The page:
Further protests in Urumqi

Uighur people take to the streets in Urumqi. Photograph: Guang Niu/Getty Images

Uighur people take to the streets in Urumqi. Photograph: Guang Niu/Getty Images

The BBC and The Guardian report that there have been further protests in Urumqi, this time without violence. Incredible footage at http://news.bbc.co.uk/1/hi/world/asia-pacific/8137519.stm

Uighur residents erupted into protests during an official media tour of the riot zone in the face of hundreds of officers… Women in the market place burst into wailing and chanting as foreign reporters arrived, complaining that police had taken away Uighur men. Authorities have arrested 1,434 people in connection with Sunday’s unrest. As they streamed out on to the main street, the crowd swelled to about 200, with Uighur men and more women joining them, shouting and waving their fists… And then a single old woman, propped on a crutch, forced armoured personnel carriers and massed paramilitary ranks into a slow – if temporary – retreat. No one noticed her at first. She emerged from the crowd and moved slowly down the street. A Uighur police officer came forward to escort her away. She could not be persuaded. As older residents stepped forward and attempted to calm the crowd, she advanced steadily towards the line of armoured vehicles. She halted inches in front of one. The driver started its engine. For a long moment they faced each other. Then the carrier slowly began to roll backwards and the line of officers inched away, back down the road. Suddenly, the massed might of the Chinese authorities looked very much like one scared and vulnerable man – like many of the young officers stationed around the city. Officials attempted to remove reporters – telling them that it was not safe and did not fit in with media arrangements – as the stand-off continued. “You see old women and children now. But on Sunday night it was men – you should go to the hospital and see the victims,” said one.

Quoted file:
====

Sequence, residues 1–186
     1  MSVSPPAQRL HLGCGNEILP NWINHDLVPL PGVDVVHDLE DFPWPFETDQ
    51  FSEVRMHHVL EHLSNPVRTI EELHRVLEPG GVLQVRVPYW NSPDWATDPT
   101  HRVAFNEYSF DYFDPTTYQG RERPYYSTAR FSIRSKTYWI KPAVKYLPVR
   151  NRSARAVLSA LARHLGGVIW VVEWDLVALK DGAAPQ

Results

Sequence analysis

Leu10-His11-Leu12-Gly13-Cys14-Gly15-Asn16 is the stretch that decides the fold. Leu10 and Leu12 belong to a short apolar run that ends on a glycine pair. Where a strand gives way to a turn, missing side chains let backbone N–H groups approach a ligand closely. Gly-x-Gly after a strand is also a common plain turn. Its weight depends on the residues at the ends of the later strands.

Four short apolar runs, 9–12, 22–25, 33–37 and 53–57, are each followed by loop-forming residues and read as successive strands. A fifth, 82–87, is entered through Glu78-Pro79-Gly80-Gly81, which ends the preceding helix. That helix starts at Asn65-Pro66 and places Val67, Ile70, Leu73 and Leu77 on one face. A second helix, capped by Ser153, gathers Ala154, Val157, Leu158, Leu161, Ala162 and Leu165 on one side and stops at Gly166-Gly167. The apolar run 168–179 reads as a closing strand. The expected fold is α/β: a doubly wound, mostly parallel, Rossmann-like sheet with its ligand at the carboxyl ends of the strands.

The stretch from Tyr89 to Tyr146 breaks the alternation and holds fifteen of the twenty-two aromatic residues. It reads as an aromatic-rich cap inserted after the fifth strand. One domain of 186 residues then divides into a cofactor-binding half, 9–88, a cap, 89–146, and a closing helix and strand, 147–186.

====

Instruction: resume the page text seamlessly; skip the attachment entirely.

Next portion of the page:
One wonders what the situation would be like if the international media was not present. It could be like after the riots in Yining in 1997, where arrests continued for weeks, followed by executions.

Or perhaps the Chinese authorities have decided that such crackdowns are ultimately counter-productive. That they only exacerbate tensions between Han and Uighurs.

The test is what happens when the media’s attention inevitably shifts.

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